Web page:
Comfort is defined as the ability to sustain your position for the duration of your event. If you’re unable to sustain or hold your position because you’re uncomfortable, nothing else matters.
Between 80 to 90 percent of the overall resistance affecting the rider when in motion on a bicycle comes from aerodynamic drag. Thus, if we can reduce drag, the cyclist can maintain a higher velocity for the same given effort.
When purchasing a TT/Tri bike, we are buying SPEED. The TT/Tri bike allows a rider to assume a position aboard the bike in an attempt to decrease aerodynamic drag. However, the No. 1 thing that impacts a rider’s ability to increase their SPEED is not aerodynamics. In reality, it is comfort.
Our SPEED equation reads like this: SPEED = Comfort + Power + Aerodynamics
Comfort is defined as the ability to sustain your position for the duration of your event. It doesn’t matter if you’re a World Tour rider, Ironman Champion, or a recreational cyclist. If you’re unable to sustain or hold your position because you’re uncomfortable, nothing else matters.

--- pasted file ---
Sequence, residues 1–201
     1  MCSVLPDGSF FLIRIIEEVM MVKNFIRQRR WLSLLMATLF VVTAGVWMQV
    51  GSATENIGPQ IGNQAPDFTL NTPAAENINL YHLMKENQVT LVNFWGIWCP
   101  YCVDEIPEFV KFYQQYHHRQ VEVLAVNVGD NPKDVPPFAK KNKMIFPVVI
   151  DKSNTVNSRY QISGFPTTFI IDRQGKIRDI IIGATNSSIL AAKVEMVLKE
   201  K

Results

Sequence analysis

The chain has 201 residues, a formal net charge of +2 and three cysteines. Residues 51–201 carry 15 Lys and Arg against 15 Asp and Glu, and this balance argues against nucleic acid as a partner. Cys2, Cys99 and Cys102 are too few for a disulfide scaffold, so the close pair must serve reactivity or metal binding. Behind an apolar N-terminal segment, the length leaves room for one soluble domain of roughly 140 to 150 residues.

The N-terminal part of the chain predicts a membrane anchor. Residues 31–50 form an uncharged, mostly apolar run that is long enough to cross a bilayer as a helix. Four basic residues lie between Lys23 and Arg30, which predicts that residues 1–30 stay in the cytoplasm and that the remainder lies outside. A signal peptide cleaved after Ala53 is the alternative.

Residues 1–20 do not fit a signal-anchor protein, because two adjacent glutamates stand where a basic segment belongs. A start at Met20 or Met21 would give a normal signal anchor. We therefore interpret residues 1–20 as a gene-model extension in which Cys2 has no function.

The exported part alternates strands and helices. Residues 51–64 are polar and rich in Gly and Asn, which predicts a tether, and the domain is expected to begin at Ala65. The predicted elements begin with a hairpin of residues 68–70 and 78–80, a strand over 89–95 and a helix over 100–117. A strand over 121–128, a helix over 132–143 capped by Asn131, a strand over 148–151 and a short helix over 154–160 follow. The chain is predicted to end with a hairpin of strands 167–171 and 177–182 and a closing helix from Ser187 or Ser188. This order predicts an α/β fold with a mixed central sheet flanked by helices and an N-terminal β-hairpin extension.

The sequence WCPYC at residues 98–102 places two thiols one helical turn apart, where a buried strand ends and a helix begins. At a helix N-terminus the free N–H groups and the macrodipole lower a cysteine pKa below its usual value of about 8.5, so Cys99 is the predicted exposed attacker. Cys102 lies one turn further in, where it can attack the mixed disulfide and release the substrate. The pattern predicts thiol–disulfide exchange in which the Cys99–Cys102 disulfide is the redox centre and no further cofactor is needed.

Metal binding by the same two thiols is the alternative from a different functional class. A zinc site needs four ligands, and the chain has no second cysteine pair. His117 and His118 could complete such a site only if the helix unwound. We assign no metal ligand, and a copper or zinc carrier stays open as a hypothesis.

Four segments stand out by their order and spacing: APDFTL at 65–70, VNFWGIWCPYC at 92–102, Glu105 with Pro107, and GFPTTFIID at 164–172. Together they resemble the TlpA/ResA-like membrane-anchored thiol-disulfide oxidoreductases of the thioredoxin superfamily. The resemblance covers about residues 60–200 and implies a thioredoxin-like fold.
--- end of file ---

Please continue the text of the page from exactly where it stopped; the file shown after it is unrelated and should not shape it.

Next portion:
In this piece, I’m going to talk about comfort in the form of adaptability. Most athletes will find themselves belonging to at least one of these three scenarios:
1. You’ve purchased your first TT/Tri bike.
2. You’ve just overhauled your position and lowered the front end significantly.
3. You’ve taken a prolonged break from the TT/Tri position.
If you’re struggling to get comfortable, know this: The TT/Tri position is not natural and takes time to adapt!
This fact needs to be understood. Glossing over or not explaining this concept accounts for a lot of unhappy riders, and results in many of the poor bike positions you see out on the road. At one point or another everyone has to go through this adaptation period. My goal in explaining this phase is to make the transition easier for everyone: The bike manufacturer, shop, fitter and rider.